If one might be tempted to assume that the transition from conflict to peace is a smooth process, McAlinden and Dwyer’s valuable edited collection—Criminal Justice in Transition: The Northern Ireland Context—dispels that fallacy very effectively. Since the conflict in Northern Ireland began in the late 1960s, it has resulted in over 3,700 deaths and 40,000 people injured. While the level of violence diminished greatly following the 1998 Belfast Agreement, deep political divisions remain (evidenced by further ‘agreements’ to address outstanding issues) and the social consequences of conflict are plainly visible. Small paramilitary groupings opposed to the peace process continue to pose a security threat. Widespread public disturbances over parades and the flying of flags have been a recurrent feature of recent years. There are now more ‘peace lines’—high walls erected at interface areas to provide a security barrier between loyalist and republican communities—than there were during the conflict itself (the Northern Ireland Executive’s goal is for them to be removed by 2023). Residential areas remain highly segregated, and only about 5 per cent of school children attend integrated schools. Northern Ireland’s suicide rate is the highest in the United Kingdom (it rose significantly following the peace process), and the prescription rate for anti-depressant medicines is one of the highest in the world. This ‘transitional’ context is the backdrop against which a major transformation of the criminal justice sphere occurred in Northern Ireland, and which is explored in detail in the 17 chapters that comprise this volume. As the conflict drew to an end, one of the key features of public and political debate was how the business of justice would be done in the future. A range of major reviews—most prominently, through the work of the Independent Commission on Policing and the Criminal Justice Review—and initiatives were undertaken, and the landscape of the criminal justice system changed in far-reaching ways. Dickson highlights the scale of what was involved: ‘Today it is as a new brush has swept across the land. Virtually every aspect of the system has undergone root and branch reform, or is well on the way to that position’ (p.67). Criminal Justice in Transition offers an analysis of these measures, demonstrating the complexities involved in the establishment of a wide range of new initiatives and institutions, and charting how they have developed in an unfolding political environment and in the aftermath of 30 years of violent conflict. The first section provides historical context and conceptual frameworks for understanding some of the key dimensions of the transitional process. Lawther’s chapter discusses approaches to dealing with the past—an issue that has haunted the political process and the criminal justice sphere alike, but that remains unresolved, despite the huge political, social and economic costs involved. The significance of her discussion is evident in every chapter of the book. Harvey charts the increasing prominence of human rights discourse within the criminal justice sphere in Northern Ireland, although as he notes, rhetorical commitment to human rights has far exceeded its implementation. In looking at the ‘agents of change’ that drove the process of criminal justice reform, Dickson highlights the importance of a favourable security environment, political will and adequate resources. He also praises the Criminal Justice Inspectorate, describing it as ‘something of an unsung hero’ for the ‘hugely significant’ role it has played in providing robust evaluations of the various organizations within the criminal justice system (pp.80–81). As levels of conflict diminished and the extraordinary measures that characterized criminal justice in Northern Ireland became less prominent, Dwyer provides a critical analysis of the shift in risk paradigms from a model based on the threat of political violence to one largely focused on ‘ordinary’ crime. The second and largest section of the book examines different aspects of the criminal justice process, with chapters on policing (Topping), judicial appointments (Morison), the role of judges during the conflict (McEvoy and Schwartz), prisons (Scraton), prisoner reintegration (Dwyer), probation (Carr) and dealing with miscarriages of justice (Requa). These chapters straddle historical concerns and more recent institutional developments. Topping’s account of police reform highlights the innovative approach taken by the Independent Commission on Policing. In spite of the general acclaim the Report and its implementation has received, he provides an important note of caution in terms of the extent to which these measures have actually met the vision of ‘policing with the community’ articulated by the Commission. If policing was considered one of the success stories of criminal justice reform, Scraton demonstrates that the same cannot be said for the prison system. There the transition from a system largely modelled on dealing with paramilitary prisoners to one based on ‘ordinary’ prisoners was the subject of repeated criticism. The recommendations of the Prison Review Team largely remain to be implemented, and Scraton concludes that despite a relatively low prison population, Northern Ireland’s prisons have ‘continued to fail when assessed against minimum international standards expected of an advanced democratic society’ (p.205). Dwyer notes that over the course of the conflict some 30,000 people were either interned or imprisoned for conflict-related offences. Typically these individuals rejected claims that they needed to be ‘reintegrated’ into their communities, on the basis that they already viewed themselves as deeply integrated into their communities (viewing their offences as evidence of their commitment to these communities). The role that many ex-prisoners in Northern Ireland play in community organizations raises interesting questions about the potentially positive role that former inmates can play in a variety of settings. In the case of probation officers, Carr discusses their historical refusal to deal with ‘politically motivated offenders’, a position of ‘neutrality’ which enabled them to function in areas and contexts where other state agencies could not, and with a strong welfare emphasis (reflecting their social work background). In recent years, there has been a shift to a more risk-based ‘public protection’ ethos, mirroring developments in England and Wales. The third section examines a range of thematic issues. Moore and Wahidin demonstrate that a prison system historically structured largely around the containment of male paramilitary prisoners remains poorly attuned to meeting the needs of female prisoners. Haydon and McAllister outline a range of initiatives in the field of youth justice, including the mainstreaming of youth restorative justice conferences (a scheme that has been assessed in very positive terms internationally). McAlinden considers public attitudes and policy responses to sex offending. While some legislative measures follow steps taken in England and Wales, local factors also play a significant role, including the historical role that paramilitary organizations have played in administering beatings or other ‘punishments’ to alleged criminals. Eriksson’s analysis of restorative justice schemes highlights the difficulties involved in addressing crime in areas where the police were considered illegitimate or problematic. The development of initiatives in republican and loyalist areas in an effort to provide a non-violent alternative to paramilitary punishments was very controversial, but gradually these have become more mainstreamed. Eriksson suggests that the principles of restorative justice are highly applicable to transitional settings and, drawing on Bauman’s work, she offers an ambitious account of restorative justice’s potential to contribute, case by case, to macro-level changes that counteract the normalization of violence and help build ‘proximity’ between communities; although practitioners, she notes, highlighted ‘time’ as the most important factor in reducing tension between communities (p.356). In the concluding chapter, McAlinden and Dwyer reflect on the ‘complex hybridisation’ (p.368) of the development of the criminal justice system in this transitional moment. It is clear that Northern Ireland’s social and political context sets it apart from many other jurisdictions, but equally many aspects of its legal system reflect policy developments in England and Wales, and peace and stability may lead to yet greater alignment. They note, for instance, that the devolution of policing and justice ‘has made little if any significant difference to the shape and direction of criminal justice policy and practice in Northern Ireland’, although it may be ‘simply too early to make any discerning judgements’ (p.374). However, it is also clear that the conflict and its aftermath have led to particular developments, some of which are best seen in the rear view mirror, but other aspects of which entail innovative and progressive responses to the challenges of providing a fair and effective criminal justice system, and to which policy-makers in other countries should be attentive. Cumulatively, this book conveys the sheer scale of the institutional changes that have taken place in Northern Ireland, and across the individual chapters it is clear how significant an influence the legacy of the conflict exerts on all aspects of the criminal justice system. Within the confines of this review it is hard to capture the breadth of these developments, or to do justice to the insights shed on them by the editors and other contributors to this volume. Overall, though, this is a very impressive collection—wide-ranging, informative, topical and insightful. It will certainly appeal to anyone interested in criminal justice in Northern Ireland but the issues it raises have a resonance far beyond there, and so it will also appeal to academics, researchers, policy-makers and others interested in transitional contexts and in the dynamics of institutional reform more generally. © The Author(s) 2016, 2017. Published by Oxford University Press on behalf of the Centre for Crime and Justice Studies (ISTD). All rights reserved. For permissions, please e-mail: firstname.lastname@example.org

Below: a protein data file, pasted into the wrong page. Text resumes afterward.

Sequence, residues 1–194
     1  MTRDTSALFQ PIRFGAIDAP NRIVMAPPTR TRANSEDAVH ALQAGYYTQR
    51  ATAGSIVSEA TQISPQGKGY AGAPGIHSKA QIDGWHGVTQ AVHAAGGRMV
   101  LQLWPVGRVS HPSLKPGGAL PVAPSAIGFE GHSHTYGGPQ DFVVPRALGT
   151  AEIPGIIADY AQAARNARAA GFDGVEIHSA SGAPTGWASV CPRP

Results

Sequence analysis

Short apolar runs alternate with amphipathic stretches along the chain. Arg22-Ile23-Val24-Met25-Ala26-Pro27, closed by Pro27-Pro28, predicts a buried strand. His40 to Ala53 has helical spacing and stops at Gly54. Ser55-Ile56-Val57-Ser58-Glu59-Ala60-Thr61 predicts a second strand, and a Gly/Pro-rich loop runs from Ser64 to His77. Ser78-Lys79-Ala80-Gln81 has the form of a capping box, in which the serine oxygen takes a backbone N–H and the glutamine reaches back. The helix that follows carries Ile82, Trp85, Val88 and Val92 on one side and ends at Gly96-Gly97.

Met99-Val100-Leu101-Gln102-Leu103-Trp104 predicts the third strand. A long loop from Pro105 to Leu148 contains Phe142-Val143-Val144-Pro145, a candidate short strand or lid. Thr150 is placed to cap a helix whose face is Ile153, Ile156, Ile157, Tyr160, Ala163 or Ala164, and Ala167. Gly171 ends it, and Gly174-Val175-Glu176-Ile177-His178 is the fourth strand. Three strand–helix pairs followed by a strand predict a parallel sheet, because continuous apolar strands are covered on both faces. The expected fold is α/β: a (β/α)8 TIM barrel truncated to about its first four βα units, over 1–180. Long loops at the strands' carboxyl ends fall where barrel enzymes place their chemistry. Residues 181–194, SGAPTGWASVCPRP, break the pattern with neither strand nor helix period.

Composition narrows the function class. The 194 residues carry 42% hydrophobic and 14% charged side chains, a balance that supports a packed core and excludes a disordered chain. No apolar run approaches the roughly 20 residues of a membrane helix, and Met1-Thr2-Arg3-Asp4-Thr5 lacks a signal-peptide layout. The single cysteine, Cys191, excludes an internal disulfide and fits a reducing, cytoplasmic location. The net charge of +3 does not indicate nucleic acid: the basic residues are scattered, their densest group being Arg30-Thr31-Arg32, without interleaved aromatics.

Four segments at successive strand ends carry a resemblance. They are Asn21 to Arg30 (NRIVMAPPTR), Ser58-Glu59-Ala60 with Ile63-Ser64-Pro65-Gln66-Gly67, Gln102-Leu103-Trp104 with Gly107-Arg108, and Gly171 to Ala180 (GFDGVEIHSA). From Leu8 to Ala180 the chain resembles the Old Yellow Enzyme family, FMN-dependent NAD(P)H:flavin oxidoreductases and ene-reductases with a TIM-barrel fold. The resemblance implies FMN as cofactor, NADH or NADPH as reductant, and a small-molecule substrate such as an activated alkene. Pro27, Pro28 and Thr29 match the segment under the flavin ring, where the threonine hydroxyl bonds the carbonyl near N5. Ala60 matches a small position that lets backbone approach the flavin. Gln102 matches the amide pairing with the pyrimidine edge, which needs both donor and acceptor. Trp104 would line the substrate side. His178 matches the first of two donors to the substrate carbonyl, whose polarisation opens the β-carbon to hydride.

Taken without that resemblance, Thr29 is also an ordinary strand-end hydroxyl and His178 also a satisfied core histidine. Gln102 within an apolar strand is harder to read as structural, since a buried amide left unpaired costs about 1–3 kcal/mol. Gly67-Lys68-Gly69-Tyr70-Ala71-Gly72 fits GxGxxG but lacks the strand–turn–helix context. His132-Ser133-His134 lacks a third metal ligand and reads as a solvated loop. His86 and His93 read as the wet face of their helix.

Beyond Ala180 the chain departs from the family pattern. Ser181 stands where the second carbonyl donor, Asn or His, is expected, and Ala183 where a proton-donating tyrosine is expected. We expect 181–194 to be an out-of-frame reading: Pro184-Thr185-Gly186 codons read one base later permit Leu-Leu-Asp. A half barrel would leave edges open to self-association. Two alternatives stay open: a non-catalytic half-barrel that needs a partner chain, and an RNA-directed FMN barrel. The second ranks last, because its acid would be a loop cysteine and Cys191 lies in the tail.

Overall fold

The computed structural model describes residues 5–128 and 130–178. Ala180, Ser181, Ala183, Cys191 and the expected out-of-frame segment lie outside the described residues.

The British Journal of Criminology – Oxford University Press
Published: Mar 1, 2018